Sounds Pretty Good To Me
It was strange getting Kevin's newest missive through the mail, since it arrived the morning after I had assembled a mix tape that cobbled together a bunch of sounds that were, in the broadest of senses, 'electro-pop'. So there were tracks by Cabaret Voltaire, DAF and Suicide rubbing shoulders with songs by Stars, Baxendale and Go-Kart Mozart as well as a couple of old 7" single tracks that I dragged from the boxes; TV21's sublime 'All Join Hands' and Thomas Leer's 'Private Plane'. Kevin is right that Leer seems to have been largely forgotten, although he did resurface alongside Claudia Brucken as the short-lived ZTT duo Act back in 1987, which as I check the dates on records suddenly shocks me, and maybe 'resurface' isn't the right word to use in that sentence. Act made a great debut single with 'Snobbery And Decay' that sampled 'Cabaret' and had a smiling Liberace on the cover, and speaking of covers they had a strange line in cover-versions, doing Lloyd-Webber's 'I'll Be Surprisingly Good For You' and the Jefferson Airplane's 'White Rabbit' on their first two singles. And didn't they also do the Smith's 'Heaven Knows I'm Miserable Now' on an album? Or was that the post-Brucken incarnation of Propaganda?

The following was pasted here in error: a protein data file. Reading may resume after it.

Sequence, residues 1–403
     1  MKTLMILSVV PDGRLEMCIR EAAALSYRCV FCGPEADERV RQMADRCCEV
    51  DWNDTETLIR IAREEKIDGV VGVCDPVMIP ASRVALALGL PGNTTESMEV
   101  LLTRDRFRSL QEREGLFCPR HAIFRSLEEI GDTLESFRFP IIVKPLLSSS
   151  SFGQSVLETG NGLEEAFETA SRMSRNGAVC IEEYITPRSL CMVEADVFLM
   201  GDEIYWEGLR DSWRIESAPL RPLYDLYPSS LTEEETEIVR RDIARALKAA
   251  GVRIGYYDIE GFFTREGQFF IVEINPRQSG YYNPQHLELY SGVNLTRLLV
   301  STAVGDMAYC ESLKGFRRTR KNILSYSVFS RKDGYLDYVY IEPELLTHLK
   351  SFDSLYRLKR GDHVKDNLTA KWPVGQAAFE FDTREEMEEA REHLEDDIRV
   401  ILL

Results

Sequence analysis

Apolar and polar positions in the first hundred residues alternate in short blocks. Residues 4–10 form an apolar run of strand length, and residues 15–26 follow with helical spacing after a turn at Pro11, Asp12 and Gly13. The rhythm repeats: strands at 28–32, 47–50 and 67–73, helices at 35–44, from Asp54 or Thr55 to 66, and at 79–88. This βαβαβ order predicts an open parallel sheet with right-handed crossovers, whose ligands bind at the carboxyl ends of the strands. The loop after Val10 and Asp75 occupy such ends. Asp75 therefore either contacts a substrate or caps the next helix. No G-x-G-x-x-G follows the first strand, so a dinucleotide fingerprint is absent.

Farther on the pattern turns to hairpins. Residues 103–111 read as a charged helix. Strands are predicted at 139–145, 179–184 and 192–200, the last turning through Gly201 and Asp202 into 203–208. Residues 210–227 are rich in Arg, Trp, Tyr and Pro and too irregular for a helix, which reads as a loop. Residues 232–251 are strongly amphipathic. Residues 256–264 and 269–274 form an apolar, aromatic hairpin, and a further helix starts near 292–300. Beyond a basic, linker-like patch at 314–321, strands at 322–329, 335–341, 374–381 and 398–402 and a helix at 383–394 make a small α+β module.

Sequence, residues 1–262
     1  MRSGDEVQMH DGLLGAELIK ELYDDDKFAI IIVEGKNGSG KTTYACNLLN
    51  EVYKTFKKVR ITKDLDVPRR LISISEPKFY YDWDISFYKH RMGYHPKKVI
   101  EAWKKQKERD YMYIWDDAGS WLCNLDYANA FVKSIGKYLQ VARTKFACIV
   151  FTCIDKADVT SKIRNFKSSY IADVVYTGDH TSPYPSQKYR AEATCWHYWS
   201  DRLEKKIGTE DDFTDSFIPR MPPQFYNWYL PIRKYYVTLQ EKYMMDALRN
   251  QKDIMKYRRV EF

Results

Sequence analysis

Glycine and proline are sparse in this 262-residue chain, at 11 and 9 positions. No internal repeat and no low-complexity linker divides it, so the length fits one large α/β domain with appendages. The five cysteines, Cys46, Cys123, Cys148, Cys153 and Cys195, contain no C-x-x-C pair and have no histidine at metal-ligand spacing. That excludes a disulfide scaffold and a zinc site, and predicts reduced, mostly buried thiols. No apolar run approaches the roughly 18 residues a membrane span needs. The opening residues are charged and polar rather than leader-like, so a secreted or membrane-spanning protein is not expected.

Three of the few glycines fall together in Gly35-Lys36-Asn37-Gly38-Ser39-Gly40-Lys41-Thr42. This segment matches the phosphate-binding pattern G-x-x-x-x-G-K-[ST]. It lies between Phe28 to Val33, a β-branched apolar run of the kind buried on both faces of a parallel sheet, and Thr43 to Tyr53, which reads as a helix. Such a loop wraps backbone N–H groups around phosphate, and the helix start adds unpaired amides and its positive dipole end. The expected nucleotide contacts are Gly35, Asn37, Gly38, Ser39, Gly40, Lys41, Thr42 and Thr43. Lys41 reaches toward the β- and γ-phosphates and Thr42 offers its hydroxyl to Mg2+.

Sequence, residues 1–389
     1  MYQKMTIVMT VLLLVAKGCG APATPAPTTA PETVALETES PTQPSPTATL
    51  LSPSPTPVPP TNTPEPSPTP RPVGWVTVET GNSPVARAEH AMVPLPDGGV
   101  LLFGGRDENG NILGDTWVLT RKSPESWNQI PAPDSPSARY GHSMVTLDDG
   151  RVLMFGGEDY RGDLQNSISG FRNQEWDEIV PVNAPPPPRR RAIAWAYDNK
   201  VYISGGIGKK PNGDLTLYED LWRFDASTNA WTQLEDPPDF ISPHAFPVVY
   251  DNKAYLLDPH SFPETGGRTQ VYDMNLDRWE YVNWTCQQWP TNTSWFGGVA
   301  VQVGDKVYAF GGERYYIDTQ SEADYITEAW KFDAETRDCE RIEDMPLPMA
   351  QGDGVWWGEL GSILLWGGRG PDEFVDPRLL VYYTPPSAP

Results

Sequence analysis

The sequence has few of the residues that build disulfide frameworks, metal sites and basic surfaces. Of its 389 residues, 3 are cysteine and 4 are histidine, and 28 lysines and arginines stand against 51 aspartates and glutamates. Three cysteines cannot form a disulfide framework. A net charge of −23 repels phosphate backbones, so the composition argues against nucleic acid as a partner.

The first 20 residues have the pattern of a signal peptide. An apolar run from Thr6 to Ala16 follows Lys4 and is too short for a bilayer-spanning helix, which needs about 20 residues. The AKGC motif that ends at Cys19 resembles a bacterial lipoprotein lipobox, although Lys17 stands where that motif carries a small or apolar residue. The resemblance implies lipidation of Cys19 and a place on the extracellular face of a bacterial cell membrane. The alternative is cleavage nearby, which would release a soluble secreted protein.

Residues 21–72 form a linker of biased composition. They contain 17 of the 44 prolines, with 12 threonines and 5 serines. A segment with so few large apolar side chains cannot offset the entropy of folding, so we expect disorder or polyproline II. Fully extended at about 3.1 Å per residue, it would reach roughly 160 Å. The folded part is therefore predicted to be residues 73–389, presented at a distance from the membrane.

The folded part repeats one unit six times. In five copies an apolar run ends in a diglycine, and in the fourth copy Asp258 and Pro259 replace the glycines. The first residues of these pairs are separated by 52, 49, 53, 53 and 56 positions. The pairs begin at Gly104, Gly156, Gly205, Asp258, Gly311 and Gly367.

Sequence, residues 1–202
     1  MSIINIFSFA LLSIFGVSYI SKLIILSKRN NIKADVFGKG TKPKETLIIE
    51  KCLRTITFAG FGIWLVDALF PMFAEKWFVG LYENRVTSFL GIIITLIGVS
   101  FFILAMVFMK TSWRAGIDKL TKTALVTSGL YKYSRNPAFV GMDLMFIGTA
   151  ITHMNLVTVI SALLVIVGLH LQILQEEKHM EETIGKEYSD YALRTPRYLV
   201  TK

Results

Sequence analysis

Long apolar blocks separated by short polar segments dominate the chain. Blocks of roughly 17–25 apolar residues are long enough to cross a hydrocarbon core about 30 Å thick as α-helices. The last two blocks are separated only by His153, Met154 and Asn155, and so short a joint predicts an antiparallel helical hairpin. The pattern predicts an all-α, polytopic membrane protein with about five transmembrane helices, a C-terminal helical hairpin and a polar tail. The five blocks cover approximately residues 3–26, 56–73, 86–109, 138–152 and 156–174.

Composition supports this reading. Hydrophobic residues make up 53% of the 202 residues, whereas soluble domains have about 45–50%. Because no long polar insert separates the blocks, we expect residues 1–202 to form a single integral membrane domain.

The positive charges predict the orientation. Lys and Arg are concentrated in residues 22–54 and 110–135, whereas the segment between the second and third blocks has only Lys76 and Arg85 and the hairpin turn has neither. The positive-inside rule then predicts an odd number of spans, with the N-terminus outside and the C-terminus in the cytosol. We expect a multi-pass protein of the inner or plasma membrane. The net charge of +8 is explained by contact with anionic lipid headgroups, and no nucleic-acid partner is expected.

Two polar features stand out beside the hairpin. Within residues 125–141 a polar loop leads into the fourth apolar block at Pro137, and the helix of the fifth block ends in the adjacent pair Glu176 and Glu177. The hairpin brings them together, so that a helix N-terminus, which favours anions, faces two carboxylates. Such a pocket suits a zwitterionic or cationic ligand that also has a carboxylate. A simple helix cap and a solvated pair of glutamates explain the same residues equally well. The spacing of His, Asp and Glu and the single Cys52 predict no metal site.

Also on the tape was the sound of contemporary electro-poppers Freezepop. Hailing from Boston, Freezepop made in their Freezepop Forever album of 2001 (Archenemy Records) a minor classic of stripped back synth Pop songs that carries all the promise and ill-fated tragedies of the 1980s wrapped up in a laser beam, pointed through jump-up techno and aimed at your brittle heart. Freezepop Forever is full of knowing nods to the history the group must surely know about only through the archaeology of Pop: singles picked up in thrift-stores and relatives' attics, albums reissued by someone determined to keep a fire burning somewhere. Which might sound slightly disparaging, but it shouldn't, because really Freezepop sound fantastic, and I've not been able to get their tunes out of my head for weeks. There's the match maker techno beat of 'Harebrained Scheme'; the wildly bopping 'T DJ', ducking and diving through the tunnels of the subway, addicted to the electricity humming from the third rail; the icicles popping at the heart of 'Tracey Gold'; the knowing Pop self-mythologizing album closing 'Freezepop Forever'; the bona-fide Pop Hit blast of 'Summer Boy', all teenaged summer loves long lost and longed for, whose chorus of 'Summer Boy, the sun is hot. Summer Boy, and so are you' is just too damn stupid to not love unconditionally. Best of all though is 'Tender Lies' which is a lovely song where the wonderfully named Liz Enthusiasm gets to actually sing instead of half-talking in the kind of half-clichéd robotic rhythms that the rest of the album mainly relies on. 'Tender Lies' is like a lost Strawberry Switchblade track, reverberating with the same kind of cracked and flawed plastic beauty that fed through songs like '10 James Orr Street', 'Being Cold' or 'Who Knows What Love Is.' All of which probably sounds like a nightmare of candy-floss circuits to some, but to others, like me today, that sounds like some kind of heaven. Freezepop Forever should be released in Europe around about now (early 2002) by the Spanish Siesta label.